I have 3 kids.  My 3 kids are all “double digits”.  This means they are ALWAYS hungry and when I get to Friday I am done.  As a dairy farmer, mom, taxi driver, volunteer at school…… I wear many hats and I am always going in at least 10 different directions. I do my best to prepare healthy nutritious meals for my family.  But I will be honest, by Friday I am dead tired and wishing the closest Fast Food place was not a 15 minute drive away.  Did I mention we live exactly 1/2 mile beyond the border of the local pizza delivery place. (You would think they would change that now that gas has dropped $2.00 per gallon).  Typically I treat Friday as a treat for my family.  This usually means pizza.  I can also manage to find Gluten Free pizza for my youngest who is on a special diet to help with his autism.  But now that I learn it is National Pizza week I will put my guilt aside and maybe do 2 nights of pizza!!  After all, it is a 3 day holiday weekend.  But for now, enjoy some pizza!!  Enjoy all that yummy cheese that was produced by some hard working dairy farmer!!


Yummy!! Celebrate the 3 day weekend with some hot delicious pizza!!

5 “Stupid” Myths about Organic Dairy Farming!!

I want to address 5 myths about Organic Dairy Farming and why I believe you are stupid if you believe and REPEAT any of them as truths.

1.  A cow or calf gets sick – you just let her die. Are you serious??  All my cows have names and personalities and are very important to me.  I look forward to playing with the calves when I am feeding them and I am sad when they grow up and leave my barn .  I have a conscience.  I have feelings.  I have a heart.  Prevention is the best way to prevent my cows and calves from getting sick.  I do everything possible to prevent them from getting sick.  This includes vaccinations, clean bedding, and good calving environment.  BUT, if one of my babies does gets sick and it is necessary to treat her with conventional medicine, I do it.  It is a tough choice to make but I do it because it is the right thing to do.  Unfortunately I must remove her from our operation and this is the last thing I want to do.  So bottom line – I DO NOT HAVE COWS OR CALVES LAYING AROUND MY FARM DYING BECAUSE I WILL NOT TREAT THEM.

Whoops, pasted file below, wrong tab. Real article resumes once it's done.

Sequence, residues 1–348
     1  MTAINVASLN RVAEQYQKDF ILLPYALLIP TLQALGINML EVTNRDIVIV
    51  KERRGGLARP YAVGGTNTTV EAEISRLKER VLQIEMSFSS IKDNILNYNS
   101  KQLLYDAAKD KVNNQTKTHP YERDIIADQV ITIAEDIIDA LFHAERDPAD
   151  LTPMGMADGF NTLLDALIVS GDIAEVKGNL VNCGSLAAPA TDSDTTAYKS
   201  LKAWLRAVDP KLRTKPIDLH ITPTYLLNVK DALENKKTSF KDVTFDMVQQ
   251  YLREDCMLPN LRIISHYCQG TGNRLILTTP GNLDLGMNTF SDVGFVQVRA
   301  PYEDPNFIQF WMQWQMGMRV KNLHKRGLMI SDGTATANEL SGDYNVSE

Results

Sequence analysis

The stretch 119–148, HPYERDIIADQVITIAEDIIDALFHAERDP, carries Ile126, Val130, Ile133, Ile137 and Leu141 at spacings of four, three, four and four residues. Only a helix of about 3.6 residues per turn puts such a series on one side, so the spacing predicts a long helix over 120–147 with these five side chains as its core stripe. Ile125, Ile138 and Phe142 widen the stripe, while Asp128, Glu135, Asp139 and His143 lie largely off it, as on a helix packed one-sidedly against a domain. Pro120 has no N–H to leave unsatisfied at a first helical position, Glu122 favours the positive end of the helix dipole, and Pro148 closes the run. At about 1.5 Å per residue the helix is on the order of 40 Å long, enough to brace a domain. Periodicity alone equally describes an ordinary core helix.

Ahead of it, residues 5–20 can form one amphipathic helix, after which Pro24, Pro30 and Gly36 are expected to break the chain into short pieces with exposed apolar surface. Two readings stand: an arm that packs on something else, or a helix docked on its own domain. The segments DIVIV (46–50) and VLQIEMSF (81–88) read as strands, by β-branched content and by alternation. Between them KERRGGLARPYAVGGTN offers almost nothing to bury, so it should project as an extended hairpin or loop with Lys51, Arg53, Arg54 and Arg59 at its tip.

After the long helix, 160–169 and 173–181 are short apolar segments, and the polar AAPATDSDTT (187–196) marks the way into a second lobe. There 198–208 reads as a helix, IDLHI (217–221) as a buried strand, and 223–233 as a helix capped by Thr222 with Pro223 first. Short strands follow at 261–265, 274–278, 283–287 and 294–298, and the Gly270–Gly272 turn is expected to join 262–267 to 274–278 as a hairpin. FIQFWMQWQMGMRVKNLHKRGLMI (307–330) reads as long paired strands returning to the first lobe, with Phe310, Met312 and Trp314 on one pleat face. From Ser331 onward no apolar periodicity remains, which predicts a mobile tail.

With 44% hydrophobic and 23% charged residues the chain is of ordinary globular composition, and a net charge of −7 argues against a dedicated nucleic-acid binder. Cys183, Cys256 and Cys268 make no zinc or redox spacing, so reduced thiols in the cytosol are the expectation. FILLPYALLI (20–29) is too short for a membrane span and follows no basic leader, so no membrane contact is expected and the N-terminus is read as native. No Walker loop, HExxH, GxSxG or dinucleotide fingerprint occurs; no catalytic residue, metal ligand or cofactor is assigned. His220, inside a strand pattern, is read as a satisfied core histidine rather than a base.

2.  Organic milk is more nutritious than Conventional milk.  While I wish this was true, there is no scientific evidence concluding organic milk is safer or healthier than conventional milk.  The only reason I wish it were true is because it would increase the demand and increase organic milk sales.  But to date there is no evidence supporting this claim.  Organic Milk is a choice.  A choice similar to Hemp bedding sheets versus Cotton Bedding sheets or Organic Cheerios versus Regular Cheerios.  Just a another consumer choice.  

3.  I am an Organic Dairy Farmer because I am a “Hippie” type gal and this is how I live my life.  WRONG!!!  The 2 reasons we transitioned to Organic Dairy Farming.  1- We have the ideal climate, topography, and farm to successfully pasture milk cows.  2 – It is easier to “ride out” the volatile conventional milk prices received at the farm.  I love Starbucks, Kate Spade purses, all things Disney, and drive a SUV.  YIKES!!  Not the “HIPPIE” lifestyle at all!!  We want to stay in Western Washington and run our 4th generation farm.  This is possible because we are organic.